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      Fisherman worried about Red Snapper ban

      Local fishermen say the ban would be an economic disaster for them.

      Grand Strand fishermen are fighting a proposal they say could put them out of business. A federal agency may close off thousands of square miles of the South Atlantic to all fishing.

      A fisheries council is meeting right now, to consider extending a ban on red snapper fishing over nearly 10,000 square miles of the South Atlantic. Local fishermen say the ban would be an economic disaster for them, just to protect a species that isn't even all that popular around here.

      Murrells Inlet boat captain Englis Glover is host of the fishing show "Reeling Up the Coast." He says he's all in favor of preserving resources, but is not convinced the red snapper needs to be protected with a ban. "It's tough for us to stop fishing for something when they're not giving us a viable proof that we don't need to be fishing for them."

      Environmental groups say red snapper is being overfished, and a ban on fishing the species would give them a chance to recover. But the proposed ban would impact all bottom fishing up to 250 miles off shore, affecting other species much more popular in South Carolina than red snapper. "That means we can't target any fish because of one species and we don't catch them here as abundant as they do down south," said charter boat captain Robert Nagy.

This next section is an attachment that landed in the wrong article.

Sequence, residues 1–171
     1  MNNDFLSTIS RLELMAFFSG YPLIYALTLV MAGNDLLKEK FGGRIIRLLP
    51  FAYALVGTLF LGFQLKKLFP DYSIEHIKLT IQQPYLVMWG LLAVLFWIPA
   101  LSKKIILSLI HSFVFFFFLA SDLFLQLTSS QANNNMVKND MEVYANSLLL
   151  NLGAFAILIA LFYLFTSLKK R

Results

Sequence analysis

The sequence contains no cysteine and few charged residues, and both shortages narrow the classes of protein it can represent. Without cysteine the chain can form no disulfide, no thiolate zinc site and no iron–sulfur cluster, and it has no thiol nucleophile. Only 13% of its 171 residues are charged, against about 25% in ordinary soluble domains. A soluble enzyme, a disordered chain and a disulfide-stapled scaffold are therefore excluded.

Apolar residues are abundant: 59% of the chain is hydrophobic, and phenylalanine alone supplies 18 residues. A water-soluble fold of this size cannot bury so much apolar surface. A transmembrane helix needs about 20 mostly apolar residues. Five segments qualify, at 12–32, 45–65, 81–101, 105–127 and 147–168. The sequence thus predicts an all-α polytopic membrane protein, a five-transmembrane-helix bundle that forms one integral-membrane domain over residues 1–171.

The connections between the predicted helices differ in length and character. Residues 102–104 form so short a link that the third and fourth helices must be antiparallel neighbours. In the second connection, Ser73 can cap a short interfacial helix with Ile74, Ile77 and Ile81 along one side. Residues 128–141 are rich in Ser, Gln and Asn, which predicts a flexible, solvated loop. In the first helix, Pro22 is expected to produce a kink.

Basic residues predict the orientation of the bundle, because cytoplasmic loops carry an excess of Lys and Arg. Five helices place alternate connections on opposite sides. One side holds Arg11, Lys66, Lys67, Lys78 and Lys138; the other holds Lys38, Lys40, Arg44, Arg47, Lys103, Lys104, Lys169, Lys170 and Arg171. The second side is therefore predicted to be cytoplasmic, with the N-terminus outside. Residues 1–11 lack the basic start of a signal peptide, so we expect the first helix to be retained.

Charter boat owners in Little River say there ought to be a better way to protect red snapper than simply banning all fishing. For example, size limits might work. "Anything under that size, you have to throw back, which to me, that should be enough to take care of the population," said boat captain Ricky Long.

      Horry County Council unanimously approved a resolution opposing a fishing ban Tuesday night. Other local governments and chambers of commerce are expected to follow suit.

      But Nagy worries their support may not be enough. "Once the federal government makes up their mind about doing something, they just go ahead and do it. They have no regards to us."

      The charter boat captains say they could be forced out of business by the ban, even though only 11% of the national red snapper catch comes from South Carolina.

      The South Atlantic Fisheries Management Council is meeting in Georgia this week, to consider extending the ban on red snapper that's scheduled to end in June.

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